AD: You got married as well between the last record and this one, and your wife, Jo Schornikow, she joined the band, right?
Matthew Houck: Yeah, I met her while making Muchacho. She joined up at that time, we started touring, and got together.
AD: You two started a family. So often when people want to talk about a male artist maturing, they toss out the descriptor “dad rock.” How do you like the idea of Phosphorescent being “Mom and Dad Rock?”
Matthew Houck: I like that a lot better than “dad rock,” I’ll tell you that. [Laughs] This certainly wouldn’t have happened without her being involved in the music. I was always doing Phosphorescent, being on the road, and all the stuff that brings to things, definitely doesn’t make for even the possibility of a stable home life. So it really happened like that, and seemed like something that could work. And so far so good.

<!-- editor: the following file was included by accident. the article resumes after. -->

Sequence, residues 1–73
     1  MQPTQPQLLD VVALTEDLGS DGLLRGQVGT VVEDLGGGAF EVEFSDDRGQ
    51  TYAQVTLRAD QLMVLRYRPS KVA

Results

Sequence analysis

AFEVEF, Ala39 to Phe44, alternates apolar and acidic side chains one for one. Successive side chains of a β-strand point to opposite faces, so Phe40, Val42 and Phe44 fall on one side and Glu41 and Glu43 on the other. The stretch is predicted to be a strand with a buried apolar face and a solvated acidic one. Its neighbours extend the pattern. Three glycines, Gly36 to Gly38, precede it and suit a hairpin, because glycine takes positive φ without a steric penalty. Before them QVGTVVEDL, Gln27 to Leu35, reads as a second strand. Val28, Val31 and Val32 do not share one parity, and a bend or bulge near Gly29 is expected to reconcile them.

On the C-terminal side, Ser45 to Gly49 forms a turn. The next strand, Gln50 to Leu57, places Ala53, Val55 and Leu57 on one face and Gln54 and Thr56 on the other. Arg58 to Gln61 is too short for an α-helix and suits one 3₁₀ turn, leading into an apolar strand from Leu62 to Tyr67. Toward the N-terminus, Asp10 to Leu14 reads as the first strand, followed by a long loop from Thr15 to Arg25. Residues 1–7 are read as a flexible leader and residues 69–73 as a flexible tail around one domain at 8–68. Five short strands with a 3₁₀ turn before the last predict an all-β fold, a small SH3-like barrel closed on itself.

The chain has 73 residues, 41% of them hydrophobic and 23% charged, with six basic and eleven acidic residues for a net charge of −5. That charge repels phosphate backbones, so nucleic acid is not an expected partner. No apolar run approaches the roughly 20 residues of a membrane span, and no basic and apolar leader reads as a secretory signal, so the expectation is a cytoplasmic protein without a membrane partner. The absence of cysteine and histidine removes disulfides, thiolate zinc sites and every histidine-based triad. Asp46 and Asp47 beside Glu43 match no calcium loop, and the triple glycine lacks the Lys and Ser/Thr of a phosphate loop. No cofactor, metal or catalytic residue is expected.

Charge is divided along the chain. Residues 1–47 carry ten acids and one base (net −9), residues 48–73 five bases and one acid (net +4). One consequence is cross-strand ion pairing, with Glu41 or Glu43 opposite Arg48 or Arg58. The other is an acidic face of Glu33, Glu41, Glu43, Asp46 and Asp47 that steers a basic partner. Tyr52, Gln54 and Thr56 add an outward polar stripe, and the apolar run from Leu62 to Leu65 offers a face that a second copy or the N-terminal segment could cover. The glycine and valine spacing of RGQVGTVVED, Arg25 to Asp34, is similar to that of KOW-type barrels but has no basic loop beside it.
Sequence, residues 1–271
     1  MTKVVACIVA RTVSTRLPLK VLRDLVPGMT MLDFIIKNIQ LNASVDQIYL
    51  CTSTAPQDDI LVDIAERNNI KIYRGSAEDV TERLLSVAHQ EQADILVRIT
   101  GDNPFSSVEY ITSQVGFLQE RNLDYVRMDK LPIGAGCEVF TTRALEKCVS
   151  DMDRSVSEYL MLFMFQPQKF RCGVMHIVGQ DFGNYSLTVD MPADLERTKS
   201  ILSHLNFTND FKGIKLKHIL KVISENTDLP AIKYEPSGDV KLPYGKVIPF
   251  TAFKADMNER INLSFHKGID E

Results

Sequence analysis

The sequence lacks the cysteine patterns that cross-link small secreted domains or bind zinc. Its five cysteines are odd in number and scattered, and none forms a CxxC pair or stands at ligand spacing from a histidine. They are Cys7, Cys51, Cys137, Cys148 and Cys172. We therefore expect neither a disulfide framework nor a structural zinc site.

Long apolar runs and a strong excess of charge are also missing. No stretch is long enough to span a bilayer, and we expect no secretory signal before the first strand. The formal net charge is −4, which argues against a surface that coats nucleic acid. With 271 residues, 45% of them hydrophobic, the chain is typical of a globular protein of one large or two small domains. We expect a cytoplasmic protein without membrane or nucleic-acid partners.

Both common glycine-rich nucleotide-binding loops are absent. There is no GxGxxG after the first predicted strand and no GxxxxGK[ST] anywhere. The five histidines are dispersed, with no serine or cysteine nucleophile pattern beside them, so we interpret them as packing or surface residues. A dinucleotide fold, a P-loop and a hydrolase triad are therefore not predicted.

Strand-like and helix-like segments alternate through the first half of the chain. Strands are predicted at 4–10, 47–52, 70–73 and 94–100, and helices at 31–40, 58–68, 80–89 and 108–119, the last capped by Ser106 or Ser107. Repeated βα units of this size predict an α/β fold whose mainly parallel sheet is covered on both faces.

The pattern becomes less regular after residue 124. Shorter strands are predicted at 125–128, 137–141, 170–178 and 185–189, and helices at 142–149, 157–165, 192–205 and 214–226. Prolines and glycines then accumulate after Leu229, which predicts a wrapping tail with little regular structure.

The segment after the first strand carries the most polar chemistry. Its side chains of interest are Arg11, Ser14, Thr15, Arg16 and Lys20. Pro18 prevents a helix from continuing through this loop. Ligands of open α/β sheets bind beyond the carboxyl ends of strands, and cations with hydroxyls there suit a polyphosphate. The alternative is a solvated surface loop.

AD: Being in a band and being in a marriage asks a lot of a person if you want to do it right. What tools does it require to do both with the same person?
Matthew Houck: I think it’s just finding the right person. I couldn’t speak for her, but there’s a big division in terms of the band thing [and making a record]. A lot of that is alone time, being sequestered away from everyone. It gets to be too much, and that was a hard thing to figure out, how to alter the way I work, but not alter it so much that I can’t work, but still see my kids and my wife. The flipside of that is that ideally now, we’ll be spending probably too much time together. It goes wildly from one pole to the other. It’s kind of the same as every other thing in terms of this music. By the time I get finished with a record, I’m fucking sick of being by myself and laboring over these tunes. All I want to do is be among my bandmates, they’re my family at this point, and be out playing these songs with people. And by the time I’ve done that for a while, I’m sick of that and I’m ready to hole up in a cave. That’s the way I’ve figured to make it work out.